Hemp is one of the best plants for use in phytoremediation (healing the soil with plants).
1986 saw the nuclear disaster in Chernobyl. The contamination not only affected the people in the area, but also contaminated the soil. In 1998 industrial hemp was planted to remove the contaminants from the soil.
“Hemp is proving to be one of the best phyto-remediative plants we have been able to find,” said Slavik Dushenkov, a research scientist with PHYTOTECH.
Hemp would also be an excellent plant choice for healing the soil in Japan, after the nuclear disaster triggered from the earthquake last year. However, hemp farming in Japan has decreased:
“However, the cannabis control law was enacted under GHQ under the United States occupation after World War II in 1948. As a result, an annual license from the prefecture governor was needed to grow hemp . It felt that the farmer was the same as making of the cultivation of hemp the narcotic drug because of the licensing system degree. After that, hemp products of the plant origin disappeared one after another by the spread of the life use goods of the oil origin in postwar days. And the number of farmers who grow hemp has decreased gradually.” (Japanhemp.org)
Phytoremediation is the treatment of environmental problems through the use of plants. These plants, called hyperaccumulators, degrade contaminants (radiation, harmful metals, oil, solvents, chemicals, pesticides, sewage, hydrocarbons, etc.) in soil, water, and air.
During phytoremediation the roots of the hemp take in the contaminants. Other plants can be used for phytoremediation, but hemp is ideal because of its deep root system (3 feet or more). “Advantages: The main advantage of phytoextraction is environmental friendliness. Traditional methods that are used for cleaning up heavy metal-contaminated soil disrupt soil structure and reduce soil productivity, whereas phytoextraction can clean up the soil without causing any kind of harm to soil quality. Another benefit of phytoextraction is that it is less expensive than any other clean-up process.” (Wikipedia)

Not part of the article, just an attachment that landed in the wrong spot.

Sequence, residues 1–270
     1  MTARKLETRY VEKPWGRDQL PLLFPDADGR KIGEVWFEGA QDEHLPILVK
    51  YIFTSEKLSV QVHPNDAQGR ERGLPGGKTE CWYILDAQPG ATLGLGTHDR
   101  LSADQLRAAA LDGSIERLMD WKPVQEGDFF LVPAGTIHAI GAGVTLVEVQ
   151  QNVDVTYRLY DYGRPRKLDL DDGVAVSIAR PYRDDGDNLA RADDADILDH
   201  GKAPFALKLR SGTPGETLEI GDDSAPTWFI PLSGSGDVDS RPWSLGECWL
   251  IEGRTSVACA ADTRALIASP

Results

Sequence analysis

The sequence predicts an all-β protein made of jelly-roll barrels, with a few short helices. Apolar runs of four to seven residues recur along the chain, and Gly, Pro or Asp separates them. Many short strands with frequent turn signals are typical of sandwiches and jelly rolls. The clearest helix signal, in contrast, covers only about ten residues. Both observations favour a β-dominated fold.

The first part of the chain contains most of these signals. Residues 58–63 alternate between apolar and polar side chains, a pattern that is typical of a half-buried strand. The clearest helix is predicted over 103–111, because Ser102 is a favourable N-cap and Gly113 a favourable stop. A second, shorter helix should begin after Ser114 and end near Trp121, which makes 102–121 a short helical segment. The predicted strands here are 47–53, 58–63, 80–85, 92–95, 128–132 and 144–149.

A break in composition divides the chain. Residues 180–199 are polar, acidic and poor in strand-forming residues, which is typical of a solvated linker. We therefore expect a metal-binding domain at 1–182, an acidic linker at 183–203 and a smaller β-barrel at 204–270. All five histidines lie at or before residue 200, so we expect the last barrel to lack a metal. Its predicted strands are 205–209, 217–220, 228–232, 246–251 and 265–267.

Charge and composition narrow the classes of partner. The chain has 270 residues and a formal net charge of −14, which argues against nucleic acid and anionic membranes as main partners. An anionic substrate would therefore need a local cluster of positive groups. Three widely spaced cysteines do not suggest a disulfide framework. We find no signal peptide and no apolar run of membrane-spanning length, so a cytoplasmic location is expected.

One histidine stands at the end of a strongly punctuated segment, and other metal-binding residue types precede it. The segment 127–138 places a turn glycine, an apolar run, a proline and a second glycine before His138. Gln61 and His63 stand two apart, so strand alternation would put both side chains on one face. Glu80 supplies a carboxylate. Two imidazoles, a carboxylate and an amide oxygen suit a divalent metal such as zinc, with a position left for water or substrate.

The toxic pollution is drawn up into the roots of the plant and into the stalk and leaves. After harvest there may be some remaining contamination, so several crops are often needed to bring the soil back to its healthy levels.
There is currently a Colorado House bill that is being worked on – the study will look at hemp’s effectiveness at cleaning the environment (although, that was proven at Chernobyl).
“The U.S. Environmental Protection Agency (EPA) estimates that more than 30,000 sites in the U.S. alone (including Hanford and Three Mile Island) require hazardous waste treatment. Restoring these areas and their soil, as well as disposing of the wastes, are costly projects, but the costs are expected to be reduced drastically if plants provide the phytoremediation results everyone is hoping for.” (www.mhhe.com)
Would hemp as an environmental ‘detergent’ be practical? In my opinion, a resounding YES!